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Old 11-05-2017, 07:06 AM
 
Location: Elgin, IL
699 posts, read 529,187 times
Reputation: 394

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Quote:
Originally Posted by Sunbiz1 View Post
https://www.zillow.com/community/bow...98820258_zpid/

This is within your range, my friends' only complaint is no island in the kitchen. There's enough room to install one though.
Nice views of the golf course for a backyard, and a good school district.
Would need at least three bedrooms and being in a townhome now we're looking for single family homes...
The link below looks somewhat promising for another community. Not sure if anyone is familiar with it...?
https://www.westpointgardens.com/
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Old 11-06-2017, 08:24 AM
 
Location: Crook County, Illinois
3,437 posts, read 1,548,527 times
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Quote:
Originally Posted by aga412 View Post
Downtown Elgin is also pretty cool. Hemmens Auditorium puts on a lot of good performances. The downtown Elgin, in my opinion, compares much more favorably to the downtown of its southern Fox River neighbor Aurora in terms of things to do, restaurants, etc.
I agree. Downtown Elgin feels somewhat "brighter" than downtown Aurora, and without the sterile feel you find in places like downtown Naperville. When I looked at Google Maps, I saw an eclectic mishmash of 100-year-old buildings and new construction, that seemed to fit together quite well. Kind of like Wicker Park in early 2000's, only with wider roads, hillier terrain, and more parking lots. (It's a suburb, after all.) I think Elgin should embrace its history and preserve its grittiness a little more, rather than aim for a gentrification-style neighborhood. But it's better than leaving it in the rundown state it used to be in.

Last edited by MillennialUrbanist; 11-06-2017 at 08:35 AM..
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Old 11-06-2017, 10:44 AM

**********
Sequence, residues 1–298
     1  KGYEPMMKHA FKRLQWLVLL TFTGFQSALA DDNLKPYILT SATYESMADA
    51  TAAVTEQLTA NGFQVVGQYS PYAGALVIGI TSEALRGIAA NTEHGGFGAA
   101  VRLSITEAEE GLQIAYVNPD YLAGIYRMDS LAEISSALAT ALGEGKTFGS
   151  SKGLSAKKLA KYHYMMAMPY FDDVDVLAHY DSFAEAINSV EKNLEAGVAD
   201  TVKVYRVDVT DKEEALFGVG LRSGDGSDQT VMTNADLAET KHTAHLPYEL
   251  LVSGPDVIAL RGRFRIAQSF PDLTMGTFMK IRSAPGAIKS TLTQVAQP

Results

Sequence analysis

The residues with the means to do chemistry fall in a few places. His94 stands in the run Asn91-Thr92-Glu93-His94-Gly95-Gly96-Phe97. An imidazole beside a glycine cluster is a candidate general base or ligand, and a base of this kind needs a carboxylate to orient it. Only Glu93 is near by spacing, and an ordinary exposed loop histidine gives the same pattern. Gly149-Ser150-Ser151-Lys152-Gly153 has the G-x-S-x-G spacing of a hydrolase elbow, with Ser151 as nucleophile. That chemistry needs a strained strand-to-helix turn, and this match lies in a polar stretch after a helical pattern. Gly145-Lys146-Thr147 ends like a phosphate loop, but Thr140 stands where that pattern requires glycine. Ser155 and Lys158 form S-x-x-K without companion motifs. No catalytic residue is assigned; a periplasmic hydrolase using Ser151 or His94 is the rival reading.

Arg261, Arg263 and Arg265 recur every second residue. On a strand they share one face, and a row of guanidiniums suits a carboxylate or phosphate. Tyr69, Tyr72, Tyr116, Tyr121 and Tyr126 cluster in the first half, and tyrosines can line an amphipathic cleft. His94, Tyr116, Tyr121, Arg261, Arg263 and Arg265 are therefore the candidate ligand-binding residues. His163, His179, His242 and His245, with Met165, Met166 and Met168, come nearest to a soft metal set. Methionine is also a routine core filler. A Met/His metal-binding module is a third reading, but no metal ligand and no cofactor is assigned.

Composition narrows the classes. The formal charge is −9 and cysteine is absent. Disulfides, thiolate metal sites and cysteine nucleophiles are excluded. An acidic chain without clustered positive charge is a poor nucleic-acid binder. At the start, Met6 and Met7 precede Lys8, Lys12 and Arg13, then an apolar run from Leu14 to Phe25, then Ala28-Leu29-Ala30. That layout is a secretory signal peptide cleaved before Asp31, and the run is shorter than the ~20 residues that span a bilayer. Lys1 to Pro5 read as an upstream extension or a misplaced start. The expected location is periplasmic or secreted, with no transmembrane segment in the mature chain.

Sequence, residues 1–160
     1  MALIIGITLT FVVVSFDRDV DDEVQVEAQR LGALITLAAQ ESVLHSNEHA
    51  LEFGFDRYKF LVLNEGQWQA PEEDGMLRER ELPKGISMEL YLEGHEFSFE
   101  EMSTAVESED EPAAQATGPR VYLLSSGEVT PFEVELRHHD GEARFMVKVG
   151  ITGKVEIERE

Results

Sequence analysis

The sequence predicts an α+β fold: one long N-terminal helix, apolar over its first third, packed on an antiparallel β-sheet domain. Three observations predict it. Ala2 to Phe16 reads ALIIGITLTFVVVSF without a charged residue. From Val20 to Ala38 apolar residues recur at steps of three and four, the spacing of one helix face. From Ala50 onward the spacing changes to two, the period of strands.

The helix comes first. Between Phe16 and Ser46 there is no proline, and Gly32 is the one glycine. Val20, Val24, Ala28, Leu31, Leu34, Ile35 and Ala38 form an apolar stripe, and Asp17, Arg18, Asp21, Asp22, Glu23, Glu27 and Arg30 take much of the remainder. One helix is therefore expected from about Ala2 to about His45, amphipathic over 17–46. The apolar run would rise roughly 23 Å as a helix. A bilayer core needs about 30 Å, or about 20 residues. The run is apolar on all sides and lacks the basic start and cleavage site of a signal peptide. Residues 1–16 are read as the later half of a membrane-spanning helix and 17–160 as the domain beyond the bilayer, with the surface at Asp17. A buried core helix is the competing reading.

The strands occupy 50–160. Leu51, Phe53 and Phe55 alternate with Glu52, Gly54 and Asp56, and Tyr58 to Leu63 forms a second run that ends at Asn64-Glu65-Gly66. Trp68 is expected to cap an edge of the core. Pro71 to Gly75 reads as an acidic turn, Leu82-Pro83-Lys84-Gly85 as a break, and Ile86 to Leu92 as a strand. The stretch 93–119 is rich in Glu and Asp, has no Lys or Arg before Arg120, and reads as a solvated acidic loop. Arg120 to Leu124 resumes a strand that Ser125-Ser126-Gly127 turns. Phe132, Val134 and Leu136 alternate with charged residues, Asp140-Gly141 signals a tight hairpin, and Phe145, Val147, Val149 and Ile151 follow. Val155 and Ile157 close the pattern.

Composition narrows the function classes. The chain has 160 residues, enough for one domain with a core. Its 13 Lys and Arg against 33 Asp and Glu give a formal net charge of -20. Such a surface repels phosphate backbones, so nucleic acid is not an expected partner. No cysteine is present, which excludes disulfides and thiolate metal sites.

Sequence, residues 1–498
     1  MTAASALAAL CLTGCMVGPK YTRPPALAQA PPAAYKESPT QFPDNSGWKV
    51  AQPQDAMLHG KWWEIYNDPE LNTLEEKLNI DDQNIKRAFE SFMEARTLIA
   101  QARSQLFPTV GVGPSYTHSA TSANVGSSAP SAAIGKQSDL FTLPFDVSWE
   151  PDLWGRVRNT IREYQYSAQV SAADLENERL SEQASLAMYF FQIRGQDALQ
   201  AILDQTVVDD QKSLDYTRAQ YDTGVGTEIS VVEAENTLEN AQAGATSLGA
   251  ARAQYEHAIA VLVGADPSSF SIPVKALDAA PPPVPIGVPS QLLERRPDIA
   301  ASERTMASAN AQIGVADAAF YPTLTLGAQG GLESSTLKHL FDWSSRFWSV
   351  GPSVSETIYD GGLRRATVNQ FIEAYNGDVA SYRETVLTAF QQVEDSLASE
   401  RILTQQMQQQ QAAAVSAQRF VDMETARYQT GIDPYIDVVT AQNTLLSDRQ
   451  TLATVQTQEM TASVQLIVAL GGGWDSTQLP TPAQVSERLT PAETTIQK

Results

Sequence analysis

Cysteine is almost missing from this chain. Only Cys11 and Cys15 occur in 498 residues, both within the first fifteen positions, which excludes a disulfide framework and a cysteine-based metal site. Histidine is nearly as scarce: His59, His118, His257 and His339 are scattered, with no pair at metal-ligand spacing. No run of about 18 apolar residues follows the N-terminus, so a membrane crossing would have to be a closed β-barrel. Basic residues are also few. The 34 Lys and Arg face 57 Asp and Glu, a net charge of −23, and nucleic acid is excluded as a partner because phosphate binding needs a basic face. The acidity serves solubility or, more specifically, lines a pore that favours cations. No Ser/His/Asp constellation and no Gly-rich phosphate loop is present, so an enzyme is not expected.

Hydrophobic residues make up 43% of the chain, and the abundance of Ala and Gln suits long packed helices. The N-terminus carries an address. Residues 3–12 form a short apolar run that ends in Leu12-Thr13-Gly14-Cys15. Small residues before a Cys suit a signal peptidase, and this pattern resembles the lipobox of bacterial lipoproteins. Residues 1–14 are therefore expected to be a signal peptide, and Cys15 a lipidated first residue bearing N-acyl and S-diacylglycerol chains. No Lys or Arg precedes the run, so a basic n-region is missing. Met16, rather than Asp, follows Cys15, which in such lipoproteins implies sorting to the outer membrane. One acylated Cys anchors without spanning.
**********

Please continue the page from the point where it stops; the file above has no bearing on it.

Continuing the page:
1,175 posts, read 584,818 times
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Quote:
Originally Posted by MillennialUrbanist View Post
I agree. Downtown Elgin feels somewhat "brighter" than downtown Aurora, and without the sterile feel you find in places like downtown Naperville. When I looked at Google Maps, I saw an eclectic mishmash of 100-year-old buildings and new construction, that seemed to fit together quite well. Kind of like Wicker Park in early 2000's, only with wider roads, hillier terrain, and more parking lots. (It's a suburb, after all.) I think Elgin should embrace its history and preserve its grittiness a little more, rather than aim for a gentrification-style neighborhood. But it's better than leaving it in the rundown state it used to be in.
We do, even the few run down historical homes remaining cannot be demolished. And our codes are different in historical districts, to preserve the look.
My only issue is, I'm used to Elmhurst and being 3 blocks from city hall means too loud for my taste.
Once you travel 2 miles away from either side of the river, it's nice and quiet.
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Old 11-06-2017, 10:51 AM
 
1,175 posts, read 584,818 times
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Quote:
Originally Posted by Kluch View Post
Would need at least three bedrooms and being in a townhome now we're looking for single family homes...
The link below looks somewhat promising for another community. Not sure if anyone is familiar with it...?
https://www.westpointgardens.com/
Will take a look tomorrow, am driving right past that development. I am not familiar with the local builder, only national ones I once supplied materials to such as Toll Bros. Only issue I see there is all of the on-going construction as it relates to Rte. 20. This road is a constant mess, as it needs lanes added to keep up with population growth.
And it's a state road, in a state that is not in any financial shape for improvements.
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Old 11-06-2017, 12:27 PM
 
Location: Tri-Cities
572 posts, read 649,156 times
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Quote:
Originally Posted by MillennialUrbanist View Post
I agree. Downtown Elgin feels somewhat "brighter" than downtown Aurora
Ironic since Aurora is the "City of Lights."
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Old 11-07-2017, 08:41 AM
 
Location: Crook County, Illinois
3,437 posts, read 1,548,527 times
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Quote:
Originally Posted by aga412 View Post
Ironic since Aurora is the "City of Lights."
Haha! I was referring more to the general feel of the suburb, rather than to its streetlights. By "brighter", I meant that Elgin didn't have the brooding feel I found in Aurora (which I actually liked), and didn't cross into the "theme park" territory (a concept I touched on in many of my posts).

I'm happy to hear that Elgin is working to preserve its history. Satellite towns of Chicago, like Elgin, seem like good compromises between city and suburb. Maybe they will appeal to future generations of hipsters, who'll age out of Wicker Park et al., but will still want something more urban than, say, Huntley.